Assemblywoman Pamela R. Lampitt (D-Burlington and Camden) said at a hearing on a bill (A-2709/S-2668) that would create the system that while she wasn’t aware of incidents in the state that would have benefited from having the system in place, she wanted to be proactive and prevent crises.

“These individuals when they become flustered, they become upset, they can become very non-approachable,” Lampitt said, adding that other people -- including police officers -- may believe that they’re acting irrationally due to drug or alcohol use. “They’re irrational because they’re scared,” she added.


February 6, 2015
Andrew Kitchenman
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In recent years, many of the bestselling new medications haven’t been traditional drugs chemically synthesized in labs. Instead, they belong to a growing class of “biologics” -- substances that are cultivated from living cells, often by altering the DNA that carries genetic information.

Biologics have been a boon to those with a variety of conditions, and are widely used to treat rheumatoid arthritis as well as to fight infections in chemotherapy patients. But these products often are expensive to develop and buy, racking up $66.3 billion in sales nationally in 2013. That’s why the 2010 Affordable Care Act included a provision to encourage the development of generic products that would be similar to but cheaper than the name-brand biologics.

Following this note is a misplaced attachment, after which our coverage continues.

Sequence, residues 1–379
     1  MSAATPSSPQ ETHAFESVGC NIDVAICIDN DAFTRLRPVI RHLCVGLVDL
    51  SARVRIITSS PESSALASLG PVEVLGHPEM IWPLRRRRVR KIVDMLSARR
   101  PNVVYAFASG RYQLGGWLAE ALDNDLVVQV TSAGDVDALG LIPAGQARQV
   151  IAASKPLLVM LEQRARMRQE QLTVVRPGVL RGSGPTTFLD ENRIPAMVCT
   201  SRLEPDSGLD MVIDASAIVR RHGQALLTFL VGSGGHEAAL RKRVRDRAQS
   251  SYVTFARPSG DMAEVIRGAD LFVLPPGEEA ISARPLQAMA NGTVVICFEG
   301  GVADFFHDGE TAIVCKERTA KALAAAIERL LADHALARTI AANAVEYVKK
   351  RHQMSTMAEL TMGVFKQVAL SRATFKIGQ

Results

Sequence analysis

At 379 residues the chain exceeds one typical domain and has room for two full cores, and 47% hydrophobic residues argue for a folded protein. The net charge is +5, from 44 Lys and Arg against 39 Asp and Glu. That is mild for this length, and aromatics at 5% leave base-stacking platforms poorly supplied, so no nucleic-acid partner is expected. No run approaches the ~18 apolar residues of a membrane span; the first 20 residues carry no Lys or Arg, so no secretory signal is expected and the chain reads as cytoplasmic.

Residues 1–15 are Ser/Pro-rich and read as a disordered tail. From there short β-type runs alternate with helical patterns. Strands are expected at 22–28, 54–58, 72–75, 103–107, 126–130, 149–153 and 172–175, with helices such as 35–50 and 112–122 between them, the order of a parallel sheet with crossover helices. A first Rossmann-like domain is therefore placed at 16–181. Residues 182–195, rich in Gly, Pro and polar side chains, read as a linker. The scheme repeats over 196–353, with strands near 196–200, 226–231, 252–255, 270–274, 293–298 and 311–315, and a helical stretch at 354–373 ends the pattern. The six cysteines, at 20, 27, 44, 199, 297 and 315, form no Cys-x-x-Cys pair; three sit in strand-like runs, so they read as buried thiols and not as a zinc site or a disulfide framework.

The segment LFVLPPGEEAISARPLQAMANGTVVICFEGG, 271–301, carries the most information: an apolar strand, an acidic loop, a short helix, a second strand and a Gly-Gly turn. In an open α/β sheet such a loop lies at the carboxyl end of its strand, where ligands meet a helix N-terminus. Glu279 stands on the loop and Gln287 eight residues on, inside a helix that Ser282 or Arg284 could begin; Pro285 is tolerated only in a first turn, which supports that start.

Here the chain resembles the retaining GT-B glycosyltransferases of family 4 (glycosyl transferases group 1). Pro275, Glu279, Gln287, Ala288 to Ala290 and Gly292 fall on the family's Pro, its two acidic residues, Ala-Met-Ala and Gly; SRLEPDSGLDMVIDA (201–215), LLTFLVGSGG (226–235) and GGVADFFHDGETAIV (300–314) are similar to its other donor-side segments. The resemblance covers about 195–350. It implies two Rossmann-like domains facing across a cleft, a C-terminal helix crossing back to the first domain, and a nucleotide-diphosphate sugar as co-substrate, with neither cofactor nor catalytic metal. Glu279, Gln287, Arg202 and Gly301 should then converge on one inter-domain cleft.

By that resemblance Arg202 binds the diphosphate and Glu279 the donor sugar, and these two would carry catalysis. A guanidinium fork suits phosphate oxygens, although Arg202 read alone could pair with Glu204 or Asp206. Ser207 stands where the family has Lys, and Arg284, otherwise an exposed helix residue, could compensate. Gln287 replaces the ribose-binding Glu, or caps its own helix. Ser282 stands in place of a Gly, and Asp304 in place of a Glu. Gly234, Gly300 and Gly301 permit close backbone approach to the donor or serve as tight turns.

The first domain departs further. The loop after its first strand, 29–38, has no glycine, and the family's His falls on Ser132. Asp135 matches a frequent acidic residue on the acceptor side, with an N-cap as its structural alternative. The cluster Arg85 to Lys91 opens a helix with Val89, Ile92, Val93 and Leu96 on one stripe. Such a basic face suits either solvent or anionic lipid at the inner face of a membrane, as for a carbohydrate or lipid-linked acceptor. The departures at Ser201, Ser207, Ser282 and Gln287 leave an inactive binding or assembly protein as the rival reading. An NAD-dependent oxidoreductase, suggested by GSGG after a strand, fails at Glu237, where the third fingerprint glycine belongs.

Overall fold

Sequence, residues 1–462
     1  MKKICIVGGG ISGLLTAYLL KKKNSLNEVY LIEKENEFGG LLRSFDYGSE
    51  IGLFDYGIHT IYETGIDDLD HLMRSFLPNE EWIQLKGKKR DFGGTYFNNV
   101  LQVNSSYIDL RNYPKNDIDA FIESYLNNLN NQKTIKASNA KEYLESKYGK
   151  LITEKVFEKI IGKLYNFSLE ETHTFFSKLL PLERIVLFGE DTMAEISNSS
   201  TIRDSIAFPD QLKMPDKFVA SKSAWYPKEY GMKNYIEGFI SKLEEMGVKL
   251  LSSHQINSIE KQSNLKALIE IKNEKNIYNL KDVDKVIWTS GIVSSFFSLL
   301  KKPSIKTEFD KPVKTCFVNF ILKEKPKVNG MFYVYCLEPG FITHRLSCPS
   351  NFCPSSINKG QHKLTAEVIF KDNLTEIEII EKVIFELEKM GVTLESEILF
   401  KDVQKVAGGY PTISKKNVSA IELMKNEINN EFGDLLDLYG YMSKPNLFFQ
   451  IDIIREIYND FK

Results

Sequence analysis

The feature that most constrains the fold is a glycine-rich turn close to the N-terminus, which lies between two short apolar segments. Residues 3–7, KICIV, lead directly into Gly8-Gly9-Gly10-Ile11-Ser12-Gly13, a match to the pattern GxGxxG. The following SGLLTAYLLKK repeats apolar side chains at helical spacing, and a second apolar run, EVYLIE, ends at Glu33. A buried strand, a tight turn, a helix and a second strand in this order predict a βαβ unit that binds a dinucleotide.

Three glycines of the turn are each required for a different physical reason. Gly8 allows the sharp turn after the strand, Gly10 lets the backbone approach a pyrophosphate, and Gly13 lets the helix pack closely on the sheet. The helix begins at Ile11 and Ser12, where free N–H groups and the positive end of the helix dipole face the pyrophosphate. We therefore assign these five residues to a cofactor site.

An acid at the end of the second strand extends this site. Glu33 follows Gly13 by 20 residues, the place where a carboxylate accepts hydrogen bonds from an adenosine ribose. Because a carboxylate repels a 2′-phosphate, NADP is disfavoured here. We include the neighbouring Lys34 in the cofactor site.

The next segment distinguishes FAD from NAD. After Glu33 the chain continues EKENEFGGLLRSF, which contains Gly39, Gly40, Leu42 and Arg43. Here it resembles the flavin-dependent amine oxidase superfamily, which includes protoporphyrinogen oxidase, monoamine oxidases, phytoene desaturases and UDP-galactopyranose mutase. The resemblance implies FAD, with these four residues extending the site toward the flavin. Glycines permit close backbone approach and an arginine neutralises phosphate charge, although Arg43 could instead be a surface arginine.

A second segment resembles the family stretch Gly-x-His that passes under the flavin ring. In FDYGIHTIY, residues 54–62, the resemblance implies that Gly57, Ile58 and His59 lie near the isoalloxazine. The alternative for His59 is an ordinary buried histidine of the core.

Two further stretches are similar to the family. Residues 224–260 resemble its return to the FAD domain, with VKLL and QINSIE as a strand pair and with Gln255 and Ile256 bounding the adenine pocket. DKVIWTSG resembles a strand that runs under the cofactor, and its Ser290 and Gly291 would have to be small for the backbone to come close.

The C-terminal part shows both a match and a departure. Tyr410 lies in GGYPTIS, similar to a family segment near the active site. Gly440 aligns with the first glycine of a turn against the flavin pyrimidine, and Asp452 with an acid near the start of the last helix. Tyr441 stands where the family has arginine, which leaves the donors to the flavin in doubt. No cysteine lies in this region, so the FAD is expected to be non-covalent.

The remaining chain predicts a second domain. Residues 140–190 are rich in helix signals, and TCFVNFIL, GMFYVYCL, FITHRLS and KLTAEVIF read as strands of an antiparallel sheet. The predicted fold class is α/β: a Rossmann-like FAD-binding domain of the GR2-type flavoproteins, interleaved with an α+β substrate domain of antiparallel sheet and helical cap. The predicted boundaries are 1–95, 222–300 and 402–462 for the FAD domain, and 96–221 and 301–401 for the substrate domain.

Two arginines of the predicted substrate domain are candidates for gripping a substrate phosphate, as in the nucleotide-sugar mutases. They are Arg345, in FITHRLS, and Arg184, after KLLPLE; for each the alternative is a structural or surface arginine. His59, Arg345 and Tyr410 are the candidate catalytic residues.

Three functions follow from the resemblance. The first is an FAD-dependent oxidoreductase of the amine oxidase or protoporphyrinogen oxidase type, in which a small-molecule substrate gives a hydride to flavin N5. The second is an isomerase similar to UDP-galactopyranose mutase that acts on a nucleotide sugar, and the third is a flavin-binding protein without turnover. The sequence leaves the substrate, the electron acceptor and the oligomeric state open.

New Jersey laws don’t cover how these so-called biosimilars should prescribed, which is why the Legislature is grappling with ways to regulate them. Biologics-industry representatives have supported state-level legislation addressing biosimilars prescriptions across the country. In fact, biosimilars aren’t yet available in the United States but could result in significant savings if the federal Food and Drug Administration approves.

N.J. 'Pay it Forward' task force to study waiving tuition and letting students pay with future earnings
February 6, 2015
Adam Clark
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New Jersey will create a task force to study how to make college more affordable for the state's students under a law signed Thursday.

The commission will study a "Pay it Forward Pilot Program," in which public college and universities could waive tuition and fees in favor of taking a percentage of students' future earnings. It will also study several other ways to reduce college costs, including an accelerated program for high school students interested in pursuing a career in medicine.

New Jersey's public four year colleges rank among the most expensive in the country, according to the U.S. Department of Education rankings.

Assemblywoman Pamela Lampitt (D-Camden), one of the bill's cosponsors, said New Jersey needs to better compete with the schools in neighboring states that lure its students.

"This migration hurts our schools and it hurts us as a state since many of these students will take jobs and settle in these states," Lampitt said. "Making our schools more affordable can help us better compete, and keep students who after graduation will help contribute to our economy."

Christie vetoed prior versions of the bill which called for staff from the executive branch to work on the study, because he said it would duplicate work the Office of the Secretary of Higher Education was already doing.